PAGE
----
What I learned from developing a brand in a pandemic with virtually no marketing budget – News Couple

What I learned from developing a brand in a pandemic with virtually no marketing budget

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When I first started working on a business plan for my fashion venture, Emilia George, someone advised me to allocate $60,000 to $100,000 in digital advertising, (a drop in the ocean compared to how much other brands spend on selling).

I’m booting my job as a working mom, I don’t have a country house, I don’t spend the summer in the Hamptons and I will never have that budget.

I am a firm believer that if there is a dollar to be saved? Spend it on earned journalism (i.e. PR rather than paid media). Our generation is growing increasingly concerned about the influence of social media, inundated sponsored posts, as well as ads popping up every 15 seconds, killing any remaining interest to keep up with our friends.

I was recently invited to speak as a guest in a fashion marketing class, and here I belie the lessons I have launched.
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It’s all marketing

I have never taken a formal marketing course before.

In my view, almost everything that is done for a brand or product group can be considered marketing activities. How is press coverage not a marketing activity if the ultimate goal of the group is to promote the brand’s service or product to a wider client base? How can participating in a pop-up event not be a promotional activity for brand recognition and sales?

There’s no reason for a startup to have such an extensive advertising plan if it has to stress spending $20 on Facebook ads per day. The more detailed and specific the activities, the more likely they are to overburden the budget and measure progress or lack thereof under each action.

Are Influencers Really Helpful?

I get a lot of questions from my co-founders about how I spend on influencer marketing.

Last month I got a sweet note from a pregnant woman living in Sydney who said all she wanted to tell me was that my article had reached someone in Sydney. So how much would I need to spend on digital advertising to get a baby in Australia inspired by my brand? It will probably cost you some money and take some sweet time to happen. But instead of paying someone to write and run ads. It always hurts when an influencer doesn’t care about our clothes.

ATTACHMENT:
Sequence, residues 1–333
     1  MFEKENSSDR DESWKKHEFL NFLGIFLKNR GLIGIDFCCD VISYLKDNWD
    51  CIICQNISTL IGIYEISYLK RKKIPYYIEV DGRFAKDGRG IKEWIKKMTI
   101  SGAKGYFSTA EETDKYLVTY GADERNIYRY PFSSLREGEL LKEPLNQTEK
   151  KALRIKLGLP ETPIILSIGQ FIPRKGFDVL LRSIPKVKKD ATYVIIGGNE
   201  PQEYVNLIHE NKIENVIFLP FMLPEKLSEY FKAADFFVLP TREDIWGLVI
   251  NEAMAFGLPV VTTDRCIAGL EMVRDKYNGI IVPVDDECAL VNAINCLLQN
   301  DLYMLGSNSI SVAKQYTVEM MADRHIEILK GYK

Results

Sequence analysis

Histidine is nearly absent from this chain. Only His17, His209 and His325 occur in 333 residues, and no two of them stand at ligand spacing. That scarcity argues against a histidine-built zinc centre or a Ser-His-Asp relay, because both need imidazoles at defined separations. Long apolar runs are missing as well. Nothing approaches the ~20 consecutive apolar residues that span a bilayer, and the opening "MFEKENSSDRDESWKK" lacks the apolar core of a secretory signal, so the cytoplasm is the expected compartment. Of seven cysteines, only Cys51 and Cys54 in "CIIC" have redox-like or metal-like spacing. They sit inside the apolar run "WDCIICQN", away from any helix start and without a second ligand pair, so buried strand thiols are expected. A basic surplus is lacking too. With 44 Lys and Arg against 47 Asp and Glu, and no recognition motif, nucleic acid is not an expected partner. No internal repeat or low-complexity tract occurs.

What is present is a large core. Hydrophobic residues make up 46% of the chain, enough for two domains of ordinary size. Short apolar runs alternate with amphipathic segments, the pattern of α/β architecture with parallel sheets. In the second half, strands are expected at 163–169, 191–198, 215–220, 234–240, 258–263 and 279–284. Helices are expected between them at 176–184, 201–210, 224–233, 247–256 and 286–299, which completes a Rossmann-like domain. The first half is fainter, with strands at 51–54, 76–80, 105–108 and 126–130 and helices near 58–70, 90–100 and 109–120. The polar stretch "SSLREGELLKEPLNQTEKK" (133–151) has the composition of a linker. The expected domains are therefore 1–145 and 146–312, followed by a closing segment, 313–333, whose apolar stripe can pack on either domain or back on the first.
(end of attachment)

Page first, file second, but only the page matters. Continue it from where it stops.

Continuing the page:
I can share that for the $2500 I paid to an influencer when I first started, I got two sales and less than ten followers from the post. I’m not sure how many companies will be outspoken about these kinds of collaborations, but I can’t afford this game.
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Initial profit margins are your marketing costs

When I first launched, I tried to Google the term “Emilia George for Motherhood.”

There is a lot of money to be spent to have a Google keyword ranking, which is basically how easy or difficult it is for an Internet user to reach you when searching for a specific set of words. Many millennials consider wholesaling an outdated concept, but not me.

After Emilia George stepped up to Neiman Marcus, Saks Fifth Avenue, and Maisonette, we took advantage of impactful search engine optimization. The customer base these retailers offer and great SEO results can be worth their inertial measurement units. There is a fallacy people like to say that direct-to-consumer brands take all the profits. You might get revenue, but the costs of making that sale could be the reason your DTC brand can’t be profitable for very long.

It’s worth noting how many free marketing channels are available if you don’t run ads, write articles, or give interviews. For example, the Google Business Profile is one of the most powerful, yet free, tools to help a brand make its mark on the Internet. Don’t let visualizing how much you have to spend on marketing spoil your startup plans. I did not do.
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